Reality versus virtual experience of war: Lecture recital of the opera War Without End

Jason Thomas Hoffmann


When the U.S. goes to war, the perspectives of soldier, family and civilian must all be included and not minimized; war affects everyone, just in different ways. Given the realities of multiple deployments and their effects on individual soldiers and family members, the soldier has to make decisions about what to and not to tell family members about war. Family members face similar dilemmas about what to and not to tell deployed soldiers, because soldiers often will be powerless to help their families at home. Civilians may watch news clips or documentaries about the wars but rarely understand the emotional impact of deployment. In searching for a way to investigate the complex lines of communication at work for the soldier, family and civilian, music – specifically a multimedia opera – has been used. War Without End is a 1-act opera with 5 scenes for which I composed the music and wrote the libretto (with the assistance of David M. Bock). The narrative of the opera is fiction so that it might not tell one specific story but tell a story that could be applied to all soldiers. One of the main themes used throughout the opera is the myth of Sisyphus. Modern asymmetrical warfare in the current theater of operations is often compared to the task of continuously pushing a boulder up a hill every day for the length of a deployment. The ending of the fictional story is specifically a non-ending because the cycle of deployments has been continuous for over 12 years. Yet the fictional profile of the opera is purposefully obfuscated by the inclusion of video interviews (nonfiction) with my fellow combat veterans who answer general questions that introduce the themes of each scene. The video quality of the interviews is ugly, grainy and uncomfortable to watch because they are recorded Skype chat sessions of soldiers from all over the world. Skype is the primary means that soldiers and families have to communicate. Although they are clearly nonfiction, the videos act as a kind of Greek Chorus. The juxtaposition of nonfiction and fiction acts to tell a bigger story that further engages the audience. The musical setting of this fictional narrative has a way of bringing the experience to the audience in a visceral, emotional way. Music can express much more than the visual realm because this music lacks the gratuitous use of photographic and videoed violence associated with war. So often in our culture, we focus on the visual elements (of a documentary) as the best way of understanding the “truth” or “reality” of an experience. But music expresses another level of “reality”: the shifting lines of communication as they impact the emotional level.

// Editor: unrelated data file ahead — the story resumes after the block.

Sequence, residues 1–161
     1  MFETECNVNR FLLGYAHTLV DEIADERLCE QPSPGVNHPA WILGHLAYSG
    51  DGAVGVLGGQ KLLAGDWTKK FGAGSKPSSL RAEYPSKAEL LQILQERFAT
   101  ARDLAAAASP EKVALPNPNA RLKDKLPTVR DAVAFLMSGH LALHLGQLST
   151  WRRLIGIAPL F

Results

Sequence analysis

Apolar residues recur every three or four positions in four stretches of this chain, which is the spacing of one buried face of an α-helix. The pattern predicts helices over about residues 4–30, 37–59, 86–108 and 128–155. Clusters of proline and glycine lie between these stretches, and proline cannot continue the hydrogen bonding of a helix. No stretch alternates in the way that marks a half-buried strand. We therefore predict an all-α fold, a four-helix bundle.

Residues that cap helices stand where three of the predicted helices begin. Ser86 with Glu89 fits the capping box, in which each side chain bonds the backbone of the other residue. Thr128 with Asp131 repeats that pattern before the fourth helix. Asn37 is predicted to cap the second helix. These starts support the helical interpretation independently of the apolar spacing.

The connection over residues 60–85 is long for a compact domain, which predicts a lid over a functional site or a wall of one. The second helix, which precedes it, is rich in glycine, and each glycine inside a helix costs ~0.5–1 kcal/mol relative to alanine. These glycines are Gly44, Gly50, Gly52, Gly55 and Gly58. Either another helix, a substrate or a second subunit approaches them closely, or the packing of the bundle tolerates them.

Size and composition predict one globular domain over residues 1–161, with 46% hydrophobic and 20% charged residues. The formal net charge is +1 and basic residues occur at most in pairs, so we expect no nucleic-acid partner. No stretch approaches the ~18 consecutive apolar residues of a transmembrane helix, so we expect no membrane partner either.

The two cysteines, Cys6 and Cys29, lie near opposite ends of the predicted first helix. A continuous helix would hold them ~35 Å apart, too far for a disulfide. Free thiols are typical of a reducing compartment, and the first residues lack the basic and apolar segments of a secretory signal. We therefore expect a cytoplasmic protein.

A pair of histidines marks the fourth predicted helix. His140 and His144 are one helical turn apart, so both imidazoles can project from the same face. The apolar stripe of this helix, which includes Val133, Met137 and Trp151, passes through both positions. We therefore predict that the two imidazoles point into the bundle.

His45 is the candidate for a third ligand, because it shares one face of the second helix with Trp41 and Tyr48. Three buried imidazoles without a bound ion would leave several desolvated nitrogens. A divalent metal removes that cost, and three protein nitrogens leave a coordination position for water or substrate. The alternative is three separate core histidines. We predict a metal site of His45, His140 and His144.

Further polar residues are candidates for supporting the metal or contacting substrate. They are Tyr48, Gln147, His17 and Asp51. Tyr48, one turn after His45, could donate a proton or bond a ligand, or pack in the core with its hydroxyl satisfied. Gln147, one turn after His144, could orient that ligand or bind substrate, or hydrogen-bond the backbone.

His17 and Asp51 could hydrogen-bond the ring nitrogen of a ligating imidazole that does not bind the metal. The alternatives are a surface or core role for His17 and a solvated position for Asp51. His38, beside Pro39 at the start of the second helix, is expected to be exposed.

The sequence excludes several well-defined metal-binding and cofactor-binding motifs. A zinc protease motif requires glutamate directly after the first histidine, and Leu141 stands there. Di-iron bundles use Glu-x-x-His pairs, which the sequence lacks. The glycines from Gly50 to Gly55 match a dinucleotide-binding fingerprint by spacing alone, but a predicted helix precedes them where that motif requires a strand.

War, Reality, Virtual

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